I suspect the round vs 9-pin choice for the joystick port was to stop people trying to use switching joysticks from other systems instead of the analogue ones it was designed for. At the time the choice of analogue seemed odd , but in hindsight it may just have been ahead of its time.

  12. PerlyKing
    Thumb Up


    I'm surprised that nobody has mentioned the keyboard, which was "guaranteed for 20 million keypresses", or something very similar! I never had one, but a friend did, and that keyboard was a revelation compared to our ZX81.

  13. taxman
    Thumb Up

    Where's then time gone?

    A hard choiced to be made back then: Acorn, Sinclair, Commodore, Dragon, Camputers........Decided on the Lynx myself. Always amazed at how much Level 9 managed to squeeze into their adventures on that machine. So made the jump from basic to machine code.

  14. OpenSauce
    Thumb Up

    More fond memories

    My final year degree project was building a hardware terminal emulator board for the Dragon 32.

    It emulated a Wyse terminal with RS232 connectivity.

    The idea was the Dragon could be used for teaching programming as well as accessing the college Harris mainframe, unlike the expensive dumb terminals.

    The devs at Dragon were very helpful with coding when I hit some issues with the inbuilt procedure calls.

    1. captain veg

      Harris mainframe

      You were at Coventry Lanchester Poly, and I claim my prize.


      1. OpenSauce

        Re: Harris mainframe

        Give yourself a Lanch star. ;-)

  15. Chris Morrison

    Duncan Smeed

    Without wanting to embarrass him or give him a big head I've got to say Duncan was the best lecturer I had at uni. Whilst the dragon32 was before my time his ancedotes about it's design and his enthusiam were always entertaining. His Computer Architecture and Design class was insightful and a major reason for me seeking a career in the semiconductor industry.

    Happy Birthday Dragon32

    1. xtramural

      Re: Duncan Smeed

      I'm embarrassed ;)

      Many thanks for the kind words Chris. Best wishes for the career.



      1. ploppy

        Re: Duncan Smeed

        Hi Xtramural,

        I remember talking about learning 6809 machine code on the Dragon to my PhD supervisor, Doug Shepherd (RIP). To my amazement he mentioned he'd written the keyboard handler for it. Did he have anything to do with it?



        1. xtramural

          Re: Duncan Smeed

          Hi Phillip,

          Doug was a colleague and friend at Strathclyde at the time and he is the person that had the original contact with Motorola (East Kilbride). He and I will have discussed the design and implementation of the BIOS in the early days although I, ultimately, wrote the final BIOS code, flew to Seattle to meet with the Microsoft BASIC guys and badger them for their final deliverable, integrated this into the ROM image and produced the final ROM code (with my hand-patched 'Easer Egg' initials).

          Doug was a great colleague and one of my lecturers when I was a student. The most memorable thing he ever told me was his advice for being a good lecturer and that was "a good lecture is 90% entertainment and 10% content!". He went on to great things at Lancaster - as you know.



    2. Toastan Buttar
      Thumb Up

      Re: Duncan Smeed

      I too was taught by Mr Smeed at Strathclyde. I have fond memories of the microprocessor development lab. 6809 cross-assembler on a PDP-11/34 and 11/44. When there was a full class it would take 5-10 mins to assemble and download the binaries to your development system. But it was worth it to see your creations come alive via the attached terminals and I/O devices. Even though I was a Sinclair man (and thus Z-80 by default), the 6809 was my fave 8-bit micro by a long way.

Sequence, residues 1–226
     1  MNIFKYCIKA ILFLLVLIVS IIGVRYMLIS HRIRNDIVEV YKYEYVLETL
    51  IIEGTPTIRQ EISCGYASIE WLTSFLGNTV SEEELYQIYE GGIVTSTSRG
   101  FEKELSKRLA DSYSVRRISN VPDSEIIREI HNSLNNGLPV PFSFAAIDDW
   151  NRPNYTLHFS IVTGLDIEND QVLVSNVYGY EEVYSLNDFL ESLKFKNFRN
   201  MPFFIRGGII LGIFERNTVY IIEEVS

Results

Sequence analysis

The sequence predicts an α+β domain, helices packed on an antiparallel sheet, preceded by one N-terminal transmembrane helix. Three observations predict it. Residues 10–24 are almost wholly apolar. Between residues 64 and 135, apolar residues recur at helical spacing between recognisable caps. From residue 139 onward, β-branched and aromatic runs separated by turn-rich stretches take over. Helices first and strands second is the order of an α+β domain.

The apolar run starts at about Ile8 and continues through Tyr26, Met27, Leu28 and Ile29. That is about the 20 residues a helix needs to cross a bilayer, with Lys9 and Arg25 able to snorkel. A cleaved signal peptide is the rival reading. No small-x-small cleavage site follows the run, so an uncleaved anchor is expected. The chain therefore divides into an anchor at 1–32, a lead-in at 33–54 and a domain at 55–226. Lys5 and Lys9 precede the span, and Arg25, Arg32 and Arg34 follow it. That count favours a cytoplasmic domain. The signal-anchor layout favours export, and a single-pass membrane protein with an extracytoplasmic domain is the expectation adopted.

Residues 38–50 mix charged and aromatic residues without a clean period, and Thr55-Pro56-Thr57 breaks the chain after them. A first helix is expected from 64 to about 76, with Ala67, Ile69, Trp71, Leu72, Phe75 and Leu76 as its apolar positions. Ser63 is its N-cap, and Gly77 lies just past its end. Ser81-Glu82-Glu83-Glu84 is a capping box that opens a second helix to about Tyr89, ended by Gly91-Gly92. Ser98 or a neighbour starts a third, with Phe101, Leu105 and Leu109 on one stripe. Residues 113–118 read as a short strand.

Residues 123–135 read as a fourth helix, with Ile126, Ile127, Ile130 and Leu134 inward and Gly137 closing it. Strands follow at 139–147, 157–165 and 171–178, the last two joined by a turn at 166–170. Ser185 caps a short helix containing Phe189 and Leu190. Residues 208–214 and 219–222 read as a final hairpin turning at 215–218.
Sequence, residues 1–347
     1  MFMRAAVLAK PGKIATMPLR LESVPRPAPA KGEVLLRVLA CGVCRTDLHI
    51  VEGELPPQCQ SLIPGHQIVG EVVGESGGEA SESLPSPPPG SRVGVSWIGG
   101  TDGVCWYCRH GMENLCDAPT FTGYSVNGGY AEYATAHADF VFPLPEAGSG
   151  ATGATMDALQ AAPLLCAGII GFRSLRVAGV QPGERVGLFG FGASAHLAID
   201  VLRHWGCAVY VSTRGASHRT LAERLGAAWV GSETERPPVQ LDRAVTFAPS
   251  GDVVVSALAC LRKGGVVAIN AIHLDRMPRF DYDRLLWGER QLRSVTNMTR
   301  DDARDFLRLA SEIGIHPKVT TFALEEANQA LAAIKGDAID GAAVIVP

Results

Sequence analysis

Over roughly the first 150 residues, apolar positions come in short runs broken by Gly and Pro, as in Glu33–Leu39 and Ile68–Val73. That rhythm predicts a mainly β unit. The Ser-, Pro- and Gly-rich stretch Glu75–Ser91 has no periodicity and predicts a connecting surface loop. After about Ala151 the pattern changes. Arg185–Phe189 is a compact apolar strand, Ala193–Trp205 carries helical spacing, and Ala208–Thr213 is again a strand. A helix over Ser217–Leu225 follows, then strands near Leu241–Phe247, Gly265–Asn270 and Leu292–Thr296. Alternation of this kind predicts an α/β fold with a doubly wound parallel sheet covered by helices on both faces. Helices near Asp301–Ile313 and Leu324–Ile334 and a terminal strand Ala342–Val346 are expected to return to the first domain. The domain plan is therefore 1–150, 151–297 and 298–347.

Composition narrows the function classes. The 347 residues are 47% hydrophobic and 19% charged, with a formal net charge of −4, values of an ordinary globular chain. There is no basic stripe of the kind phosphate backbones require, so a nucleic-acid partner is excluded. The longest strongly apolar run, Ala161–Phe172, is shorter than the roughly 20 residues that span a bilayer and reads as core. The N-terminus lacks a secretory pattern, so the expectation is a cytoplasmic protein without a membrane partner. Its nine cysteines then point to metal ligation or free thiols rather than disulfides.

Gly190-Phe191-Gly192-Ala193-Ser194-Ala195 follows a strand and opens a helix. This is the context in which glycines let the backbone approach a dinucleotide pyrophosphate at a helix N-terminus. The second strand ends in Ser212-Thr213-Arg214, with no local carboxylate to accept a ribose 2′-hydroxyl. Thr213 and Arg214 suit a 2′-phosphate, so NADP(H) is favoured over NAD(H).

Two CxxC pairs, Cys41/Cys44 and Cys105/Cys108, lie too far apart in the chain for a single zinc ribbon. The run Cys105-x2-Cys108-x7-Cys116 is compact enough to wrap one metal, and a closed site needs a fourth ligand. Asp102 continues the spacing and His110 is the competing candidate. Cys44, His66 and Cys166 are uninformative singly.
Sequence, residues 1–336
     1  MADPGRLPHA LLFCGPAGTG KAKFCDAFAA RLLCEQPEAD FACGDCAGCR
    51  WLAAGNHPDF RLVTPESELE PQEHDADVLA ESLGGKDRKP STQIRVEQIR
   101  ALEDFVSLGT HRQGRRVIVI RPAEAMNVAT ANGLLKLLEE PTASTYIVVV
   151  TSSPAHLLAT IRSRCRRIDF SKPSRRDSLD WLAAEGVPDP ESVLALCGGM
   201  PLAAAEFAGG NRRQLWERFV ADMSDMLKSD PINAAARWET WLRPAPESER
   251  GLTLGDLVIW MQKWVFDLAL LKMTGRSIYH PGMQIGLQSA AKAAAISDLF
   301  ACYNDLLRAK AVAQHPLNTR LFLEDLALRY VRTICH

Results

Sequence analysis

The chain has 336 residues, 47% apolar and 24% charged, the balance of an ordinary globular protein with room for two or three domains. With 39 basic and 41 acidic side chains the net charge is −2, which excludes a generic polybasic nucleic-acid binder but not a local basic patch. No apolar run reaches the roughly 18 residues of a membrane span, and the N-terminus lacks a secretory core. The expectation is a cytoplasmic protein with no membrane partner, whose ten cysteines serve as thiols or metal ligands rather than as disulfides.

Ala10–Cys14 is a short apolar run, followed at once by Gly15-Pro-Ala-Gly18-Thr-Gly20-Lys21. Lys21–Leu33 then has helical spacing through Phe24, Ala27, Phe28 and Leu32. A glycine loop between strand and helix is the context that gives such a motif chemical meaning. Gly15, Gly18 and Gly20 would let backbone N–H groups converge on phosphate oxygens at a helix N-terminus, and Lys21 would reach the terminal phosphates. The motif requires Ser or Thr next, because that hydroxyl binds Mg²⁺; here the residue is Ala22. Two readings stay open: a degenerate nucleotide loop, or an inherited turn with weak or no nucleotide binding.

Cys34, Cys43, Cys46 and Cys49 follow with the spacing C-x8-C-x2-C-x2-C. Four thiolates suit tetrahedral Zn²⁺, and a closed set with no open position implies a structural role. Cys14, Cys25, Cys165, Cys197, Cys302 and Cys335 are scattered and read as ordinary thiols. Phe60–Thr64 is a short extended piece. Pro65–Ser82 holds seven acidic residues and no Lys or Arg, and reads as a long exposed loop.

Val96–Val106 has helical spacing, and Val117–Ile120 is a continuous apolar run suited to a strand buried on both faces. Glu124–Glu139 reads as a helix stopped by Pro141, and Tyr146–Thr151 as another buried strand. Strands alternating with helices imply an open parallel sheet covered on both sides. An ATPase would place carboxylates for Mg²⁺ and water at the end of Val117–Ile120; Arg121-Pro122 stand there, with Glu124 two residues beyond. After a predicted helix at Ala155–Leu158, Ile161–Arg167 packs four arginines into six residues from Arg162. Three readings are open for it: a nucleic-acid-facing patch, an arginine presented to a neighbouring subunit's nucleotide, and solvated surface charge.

I learnt structured programming with Dr Kingslake through Pascal on a PET in the Livingstone Tower, and later wrote up my final year project on the newly-acquired QLs in the same lab. I may even have the MicroDrive cartridge still in my possession.

      Good times. Still working in the low-level world of bits and bytes, shift instructions and cycle times 25 years down the line.

      1. xtramural

        Re: Duncan Smeed

        Hi Allan (I presume!),

        Ah! Those were the days!! I have fond memories of the 6809 dev kit we used to use and the I/O box - 7-segment display and speech synthesis chip - that were used for the experiments in 6809 assembler and interfacing.

  16. Anonymous Coward
    Anonymous Coward

    You should have waited 2 years...

    ... then the headline would be "The Dragon 32 is 32" :-)

  17. Steve Todd

    The video chip was the problem

    The 6847 was, to put not too fine a point on it, rubbish. It only supported a 32 x 16 array of characters, in upper case only, plus a couple of fairly low res bit mapped video modes. You could use if with a 6502 (Acorn did just that with the Atom), but 6502 based hardware had moved on to ASIC video by then (the C64's VIC chip for example, or the BBC Micro's video chip). Other than that and the price it wasn't a bad machine for the time.

    1. stucs201

      Re: The video chip was the problem

      Resolution wasn't so much the problem as the strange colours (and only 4 at a time). Some games I prefered to black and white as a result. I guess it prepared me well for my first PC with its CGA display.

  18. Anonymous Coward
    Anonymous Coward

    The BBC has "C64 is 30" and...

    ...el Reg has the Dragon 32.

    Strange beasts the Dragon was, only one of my school chums had one - everyone else was pretty much Sinclair or Commodore rivals.... seem to remember one looser with an Oric though too.

    I'm sure my words there mean something to my generation - we were fanbois long before the word was invented :)

    1. dogged

      Re: The BBC has "C64 is 30" and...

      looser than what?

      1. Dabooka Silver badge

        Re: The BBC has "C64 is 30" and...


        Or was it a joke I didn't get?!

    2. Anonymous Coward
      Anonymous Coward

      Re: The BBC has "C64 is 30" and...

      The Dragon managed 2nd place at my school. Commodores were never very popular (even in the later ST vs Amiga days). I think it had something to do with someone comming up with the nickname 'Commode'. Us Dragon owners were still in a minority compared to the speccy though - but still managed better games collections than the Atari 2600 owners due to being able to copy tapes rather than swap cartridges.


This topic is closed for new posts.

Biting the hand that feeds IT © 1998–2019